NEW YORK - No one would have imagined that one of the greatest truths about American foreign policy would come from U.S. President Donald Trump during an interview with Fox News commentator Bill O’Reilly. When O’Reilly referred to Russian President Vladimir Putin as “a killer,” Trump replied, “There are a lot of killers. We have many killers. Or do you think our country is so innocent?”
With these words Trump confirmed what we have known for a long time about U.S. foreign policy: The United States has a dark history of involvement in many countries’ politics, often economically or through direct murder or participation in the elimination of foreign leaders, including leaders of the U.S.
Patrick Lawrence, an American author and essayist, relates a conversation he had with an American whistleblower known for his denunciations against the establishment. He told Lawrence that, during a dinner to raise funds for the Democratic Party, one of the attendees asked President Barack Obama: “President Obama, what happened to your progressive foreign policy plans?” Obama replied, “Do you want me to end up like John F. Kennedy?”
We now know that there are still serious doubts about the involvement of the CIA in both the death of President Kennedy and that of his brother Robert, who was the U.S. attorney general from 1961 to 1964. Robert Kennedy was murdered on June 6, 1968, still without total certainty (as in the case of his brother) about who was really his killer.
William Blum, an American historian and sharp critic of U.S. foreign policy, denounced in his books and numerous articles U.S. intervention in other countries. Blum worked for the U.S. State Department as a computer expert.
According to Blum, after the end of World War II, Washington:
tried to overthrow more than 50 foreign governments, most of which were democratically elected;
dropped bombs from the air on people from more than 30 countries;
tried to assassinate more than 50 foreign leaders;
tried to suppress popular or nationalist movements in 20 countries;
and interfered in democratic elections in at least 30 countries.
In addition to these actions, the U.S. has practiced torture, as in the case of Guantanamo and in other countries to which they sent their prisoners of war. This includes not only torture by Americans against foreigners, but also the provision of torture equipment and manuals, lists of persons to be tortured, and training in torture techniques by U.S. instructors.
Violent acts, murders and wars are not the only ways to intervene in other countries. In the book “Confessions of an Economic Hit Man,” American author and consultant John Perkins details the techniques used by both the U.S. government and international banks and corporations to subdue countries through forced indebtedness and very high rates of interest on loans they impose on them, many of which enrich not only the lenders but the corrupt local elites.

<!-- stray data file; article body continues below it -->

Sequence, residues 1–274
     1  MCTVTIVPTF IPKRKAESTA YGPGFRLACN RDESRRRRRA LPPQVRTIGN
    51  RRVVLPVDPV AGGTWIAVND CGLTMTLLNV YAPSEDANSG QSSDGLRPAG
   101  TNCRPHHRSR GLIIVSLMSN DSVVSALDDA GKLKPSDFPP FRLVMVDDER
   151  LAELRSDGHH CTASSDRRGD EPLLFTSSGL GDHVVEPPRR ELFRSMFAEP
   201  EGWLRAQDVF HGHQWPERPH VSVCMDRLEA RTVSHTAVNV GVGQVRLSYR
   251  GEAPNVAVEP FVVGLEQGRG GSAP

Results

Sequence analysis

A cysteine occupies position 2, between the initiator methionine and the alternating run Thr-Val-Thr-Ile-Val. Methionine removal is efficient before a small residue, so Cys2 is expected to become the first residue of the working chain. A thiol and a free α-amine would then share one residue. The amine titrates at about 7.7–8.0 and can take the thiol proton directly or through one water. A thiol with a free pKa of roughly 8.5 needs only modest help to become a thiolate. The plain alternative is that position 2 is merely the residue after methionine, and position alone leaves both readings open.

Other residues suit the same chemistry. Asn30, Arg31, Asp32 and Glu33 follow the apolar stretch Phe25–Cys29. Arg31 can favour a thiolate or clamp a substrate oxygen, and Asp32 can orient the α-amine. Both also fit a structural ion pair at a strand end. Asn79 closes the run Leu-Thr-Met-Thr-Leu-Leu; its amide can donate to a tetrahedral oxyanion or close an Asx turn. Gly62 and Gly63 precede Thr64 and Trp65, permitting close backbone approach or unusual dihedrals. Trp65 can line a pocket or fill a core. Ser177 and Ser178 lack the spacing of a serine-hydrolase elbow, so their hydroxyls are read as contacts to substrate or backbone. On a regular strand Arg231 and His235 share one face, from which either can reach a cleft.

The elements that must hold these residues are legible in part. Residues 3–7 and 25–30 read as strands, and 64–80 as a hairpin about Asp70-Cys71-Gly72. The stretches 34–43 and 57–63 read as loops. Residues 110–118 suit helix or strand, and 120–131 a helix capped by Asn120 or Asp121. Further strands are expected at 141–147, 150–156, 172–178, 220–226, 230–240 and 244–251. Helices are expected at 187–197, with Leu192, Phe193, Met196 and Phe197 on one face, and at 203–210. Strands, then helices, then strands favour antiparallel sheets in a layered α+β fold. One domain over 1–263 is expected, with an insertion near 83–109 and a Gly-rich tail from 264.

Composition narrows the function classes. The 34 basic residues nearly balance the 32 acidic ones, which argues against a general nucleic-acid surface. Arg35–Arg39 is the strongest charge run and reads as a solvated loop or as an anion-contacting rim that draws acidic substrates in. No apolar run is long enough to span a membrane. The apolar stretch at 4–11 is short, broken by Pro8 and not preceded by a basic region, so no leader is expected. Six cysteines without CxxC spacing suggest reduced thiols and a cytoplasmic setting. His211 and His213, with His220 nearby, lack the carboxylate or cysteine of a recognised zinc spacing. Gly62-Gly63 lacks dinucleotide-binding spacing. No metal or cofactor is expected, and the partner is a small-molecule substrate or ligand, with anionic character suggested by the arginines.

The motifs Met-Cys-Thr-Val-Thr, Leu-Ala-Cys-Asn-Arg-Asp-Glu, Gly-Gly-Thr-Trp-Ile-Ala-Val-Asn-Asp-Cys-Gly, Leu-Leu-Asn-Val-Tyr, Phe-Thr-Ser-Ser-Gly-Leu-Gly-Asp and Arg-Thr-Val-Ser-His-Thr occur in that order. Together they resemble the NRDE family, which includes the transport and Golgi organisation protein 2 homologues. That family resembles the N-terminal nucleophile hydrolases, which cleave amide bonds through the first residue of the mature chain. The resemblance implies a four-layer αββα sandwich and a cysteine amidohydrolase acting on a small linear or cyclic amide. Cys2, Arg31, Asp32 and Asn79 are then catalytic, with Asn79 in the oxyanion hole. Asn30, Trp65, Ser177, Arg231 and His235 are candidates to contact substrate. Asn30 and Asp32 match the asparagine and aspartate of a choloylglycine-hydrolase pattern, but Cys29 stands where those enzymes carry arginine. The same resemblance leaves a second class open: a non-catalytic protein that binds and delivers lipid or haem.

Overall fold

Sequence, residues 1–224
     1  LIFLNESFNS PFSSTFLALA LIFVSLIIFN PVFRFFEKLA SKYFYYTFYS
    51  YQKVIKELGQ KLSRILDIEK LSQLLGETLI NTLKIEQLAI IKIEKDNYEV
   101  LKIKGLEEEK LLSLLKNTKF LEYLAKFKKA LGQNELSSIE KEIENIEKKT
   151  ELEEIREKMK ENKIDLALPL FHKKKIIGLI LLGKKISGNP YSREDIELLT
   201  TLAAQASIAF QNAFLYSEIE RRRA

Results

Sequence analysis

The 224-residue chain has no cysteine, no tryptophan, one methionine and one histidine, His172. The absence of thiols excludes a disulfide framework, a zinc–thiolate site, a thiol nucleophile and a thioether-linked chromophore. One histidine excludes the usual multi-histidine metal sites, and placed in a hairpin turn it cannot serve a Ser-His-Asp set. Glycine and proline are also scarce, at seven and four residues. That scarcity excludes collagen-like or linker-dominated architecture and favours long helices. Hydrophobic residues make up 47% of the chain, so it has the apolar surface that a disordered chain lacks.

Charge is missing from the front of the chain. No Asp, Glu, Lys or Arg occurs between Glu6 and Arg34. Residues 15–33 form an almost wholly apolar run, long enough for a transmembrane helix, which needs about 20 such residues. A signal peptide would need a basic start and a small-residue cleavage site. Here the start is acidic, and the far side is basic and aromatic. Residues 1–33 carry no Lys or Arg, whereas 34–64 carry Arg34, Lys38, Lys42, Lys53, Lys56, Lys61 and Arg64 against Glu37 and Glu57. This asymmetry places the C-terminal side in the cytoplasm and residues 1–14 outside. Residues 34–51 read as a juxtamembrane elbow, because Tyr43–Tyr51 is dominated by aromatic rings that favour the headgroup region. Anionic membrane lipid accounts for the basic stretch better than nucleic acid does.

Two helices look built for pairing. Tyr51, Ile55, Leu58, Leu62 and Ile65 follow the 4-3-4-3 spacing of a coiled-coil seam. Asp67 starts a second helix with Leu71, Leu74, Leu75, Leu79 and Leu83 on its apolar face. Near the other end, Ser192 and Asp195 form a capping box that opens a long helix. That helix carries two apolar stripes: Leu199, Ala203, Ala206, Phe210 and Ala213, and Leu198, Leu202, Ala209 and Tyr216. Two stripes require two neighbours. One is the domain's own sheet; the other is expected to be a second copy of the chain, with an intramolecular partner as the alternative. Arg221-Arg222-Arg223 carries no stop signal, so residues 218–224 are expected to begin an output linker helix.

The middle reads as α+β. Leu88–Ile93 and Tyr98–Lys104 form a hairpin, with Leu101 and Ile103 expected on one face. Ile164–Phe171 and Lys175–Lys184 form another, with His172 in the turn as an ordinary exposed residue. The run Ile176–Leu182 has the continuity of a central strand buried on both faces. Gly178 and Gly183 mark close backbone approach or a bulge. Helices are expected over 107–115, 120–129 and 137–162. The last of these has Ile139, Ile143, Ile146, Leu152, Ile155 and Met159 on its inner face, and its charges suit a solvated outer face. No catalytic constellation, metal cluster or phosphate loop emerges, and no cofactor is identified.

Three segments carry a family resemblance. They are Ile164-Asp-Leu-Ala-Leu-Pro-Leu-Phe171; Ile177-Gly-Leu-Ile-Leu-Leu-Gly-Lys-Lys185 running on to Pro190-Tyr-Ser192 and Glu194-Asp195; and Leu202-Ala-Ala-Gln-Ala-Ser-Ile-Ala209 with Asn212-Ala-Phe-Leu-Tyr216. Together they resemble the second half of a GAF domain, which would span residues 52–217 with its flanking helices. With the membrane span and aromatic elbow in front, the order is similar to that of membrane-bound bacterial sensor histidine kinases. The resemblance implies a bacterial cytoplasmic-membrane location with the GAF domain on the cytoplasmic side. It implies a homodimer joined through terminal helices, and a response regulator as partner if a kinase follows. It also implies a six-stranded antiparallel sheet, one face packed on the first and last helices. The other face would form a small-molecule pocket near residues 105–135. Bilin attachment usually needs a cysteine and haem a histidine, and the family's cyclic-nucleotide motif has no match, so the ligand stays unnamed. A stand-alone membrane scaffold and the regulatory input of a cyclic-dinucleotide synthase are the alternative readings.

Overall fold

Perkins’ testimony is especially valuable because he himself was an economic hit man on the payroll of large U.S. corporations and banks. His work consisted precisely in forcing countries into debt and thus weakening their economies and their possibilities for independent development.
Not everyone, however, agrees with Perkins’ conclusions. Sebastian Mallaby, a Washington Post columnist and a member of the Council on Foreign Relations, thinks that what Perkins says is exaggerated, and cites improvements in global poverty and health levels despite his assertions about the harmful behavior of international banks and companies.
Dambisa Moyo, a Zambian-born African economist who worked for Goldman Sachs, the World Bank and many other international organizations says: “Rich countries’ money has trapped many African nations in a cycle of corruption, slow growth and poverty. Cutting the flow of aid would be much more beneficial.”
In dozens of missions to developing countries, I have been able to verify the disasters caused by the interference of corporations, banks and other countries in the degree of corruption of governments and local economies.
These considerations should not ignore the responsibility that national elites have in enabling and benefiting from those policies that have a significant negative impact on the countries’ development. This is particularly relevant when one takes into account the forecast of the The Economist’s Intelligence Unit. According to it, 65 countries out of 150 will experience significant social and political uncertainty in the near future.
For many decades, the U.S. has been intervening in other countries (mainly developing ones) through a variety of mechanisms that have led to their destabilization, the fall of democratic governments and encouraging widespread corruption. The more these countries become aware of these intervention policies the better they will be able to respond to them.
Cesar Chelala, a physician and writer, is winner of an Overseas Press Club of America and two national journalism awards.